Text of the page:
Freeman Owle was born on the Qualla Indian Boundary, home of the Eastern Band of the Cherokee Nation, to Lloyd and Betty Owle in 1946. They lived in the Birdtown Community. His formal education began in kindergarten and continued through the twelfth grade in the Cherokee Indian School System, which was run by the Bureau of Indian Affairs through the Cherokee Agency. After graduating as valedictorian of his class, he left the reservation to attend Gardner Webb College, in Boiling Springs, North Carolina. He then continued his education at Western Carolina University, in Cullowhee, North Carolina. There at Western he received his Bachelor of Science Degree in social work.
Freeman Owle is an authoritative lecturer, demonstrator of Cherokee culture. He also crafts authentic stone and wood carvings.
After graduation he was the director of the Cherokee Children’s Home in Cherokee, North Carolina for five years. He was then sought out to join The National Teacher Corps and took advantage of the opportunity to receive his Masters in Education. Freeman then returned to the reservation schools to teach his own people. He taught the third and sixth grades for a total of twelve years. Upon receiving the Bureau of Indian Affairs Teacher of the Year Award, he left the school system to reach out to others who might want to hear the message of the Cherokee.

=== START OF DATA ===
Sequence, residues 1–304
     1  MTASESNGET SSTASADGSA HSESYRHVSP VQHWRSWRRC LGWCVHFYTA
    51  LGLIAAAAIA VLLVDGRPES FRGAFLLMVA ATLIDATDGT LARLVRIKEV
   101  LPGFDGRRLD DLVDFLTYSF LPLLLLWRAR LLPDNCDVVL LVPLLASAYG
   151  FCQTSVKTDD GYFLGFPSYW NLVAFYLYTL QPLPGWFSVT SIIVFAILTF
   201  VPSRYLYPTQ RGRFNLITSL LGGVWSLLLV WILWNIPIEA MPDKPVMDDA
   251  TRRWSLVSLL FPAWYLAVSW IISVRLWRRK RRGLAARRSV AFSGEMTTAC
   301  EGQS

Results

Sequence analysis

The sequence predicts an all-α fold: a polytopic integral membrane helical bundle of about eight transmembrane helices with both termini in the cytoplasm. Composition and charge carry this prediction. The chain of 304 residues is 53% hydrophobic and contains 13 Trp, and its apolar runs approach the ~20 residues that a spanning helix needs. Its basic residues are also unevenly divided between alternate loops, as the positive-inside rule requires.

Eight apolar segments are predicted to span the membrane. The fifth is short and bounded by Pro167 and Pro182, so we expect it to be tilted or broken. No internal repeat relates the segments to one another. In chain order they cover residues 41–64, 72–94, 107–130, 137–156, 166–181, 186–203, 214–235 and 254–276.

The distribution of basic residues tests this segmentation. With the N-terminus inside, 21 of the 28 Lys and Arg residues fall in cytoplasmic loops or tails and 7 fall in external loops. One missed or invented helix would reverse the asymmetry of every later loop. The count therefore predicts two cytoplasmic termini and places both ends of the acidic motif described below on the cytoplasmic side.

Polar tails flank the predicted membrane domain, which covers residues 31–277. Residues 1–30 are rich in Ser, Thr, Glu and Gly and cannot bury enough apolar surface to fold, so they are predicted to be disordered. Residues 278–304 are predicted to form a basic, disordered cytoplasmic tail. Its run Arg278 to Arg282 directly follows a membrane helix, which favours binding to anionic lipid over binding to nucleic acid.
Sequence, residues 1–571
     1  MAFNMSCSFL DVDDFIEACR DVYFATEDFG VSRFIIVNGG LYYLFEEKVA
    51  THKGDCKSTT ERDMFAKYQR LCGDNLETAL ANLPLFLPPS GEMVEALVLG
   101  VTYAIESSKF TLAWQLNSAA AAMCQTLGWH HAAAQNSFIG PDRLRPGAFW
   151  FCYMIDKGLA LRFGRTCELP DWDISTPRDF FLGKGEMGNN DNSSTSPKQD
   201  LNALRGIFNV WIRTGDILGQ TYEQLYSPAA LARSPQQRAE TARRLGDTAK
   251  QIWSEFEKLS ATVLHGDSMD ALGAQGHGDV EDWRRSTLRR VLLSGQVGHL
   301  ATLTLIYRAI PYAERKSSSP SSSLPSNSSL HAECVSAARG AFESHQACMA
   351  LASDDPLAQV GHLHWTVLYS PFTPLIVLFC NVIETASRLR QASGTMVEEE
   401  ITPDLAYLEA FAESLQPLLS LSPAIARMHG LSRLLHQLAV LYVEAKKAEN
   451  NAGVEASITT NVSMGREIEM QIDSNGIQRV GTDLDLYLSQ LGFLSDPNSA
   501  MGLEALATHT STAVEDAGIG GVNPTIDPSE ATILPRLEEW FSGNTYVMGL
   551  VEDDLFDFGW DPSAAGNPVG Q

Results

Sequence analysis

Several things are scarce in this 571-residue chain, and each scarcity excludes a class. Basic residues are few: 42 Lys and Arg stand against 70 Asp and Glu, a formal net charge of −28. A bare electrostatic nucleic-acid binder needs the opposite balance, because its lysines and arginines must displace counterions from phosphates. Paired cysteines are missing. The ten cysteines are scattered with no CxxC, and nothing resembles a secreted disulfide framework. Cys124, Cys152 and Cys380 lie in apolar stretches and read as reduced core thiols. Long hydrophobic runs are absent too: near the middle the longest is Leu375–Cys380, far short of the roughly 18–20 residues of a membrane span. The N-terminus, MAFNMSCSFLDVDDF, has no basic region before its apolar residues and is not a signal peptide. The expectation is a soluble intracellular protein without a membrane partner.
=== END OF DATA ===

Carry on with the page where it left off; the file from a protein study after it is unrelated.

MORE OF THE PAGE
Freeman has received many awards over the years, and of these he is most proud of Outstanding teacher of the Year for the Bureau of Indian Affairs, a coin of excellence, from General Ernst, Rangers, Fort Benning Georgia and the North Carolina Folklorist of the Year award 2001. Most recently he was asked to sit as a member of the elders of the Cherokee people. Freeman’s love for people and his educational background inspired him to pursue his life’s ambition, to be a Cherokee historian and storyteller. In 1990 he started lecturing to many groups of all ages throughout the eastern United States. He has spoken to many schools, universities, churches, civic organizations, and military units in North Carolina, Georgia, South Carolina, Alabama, Tennessee, Virginia, Pennsylvania, Maryland, Florida, Kentucky, West Virginia, Mississippi, and Ohio. His lectures in the federal government arena include The United States Special Forces in Fort Benning Georgia, Officers of The Signal Corps of Fort Gordon, The Army Corps of Engineers of Vicksburg Mississippi, and many engagements for The Veterans Hospital of Salisbury, North Carolina. Freeman was also invited to the White House in 2004 along with the authors, to receive the Preserve America Presidential Award for his part of writing the Cherokee Heritage Trail Guide Book. There were one hundred projects and only four received the award. In December 2008 he did a book signing for the book “Origin of the Milky Way” at the Museum of the American Indian in Washington DC, and had the chance to teach the museum staff the art of storytelling in a workshop he was asked to conduct. He spreads the history, culture, and stories of the Cherokee to many who would never get to hear it otherwise. His main focus is on the Cherokee way of life and how it is valuable to us today. He teaches from the native perspective, the Cherokee’s perception of themselves in relation to the things around them. Self concept, respect for others, appreciation for mother earth, and the value of knowing one’s own roots. Freeman feels that it is important to learn about the Cherokee from a Cherokee.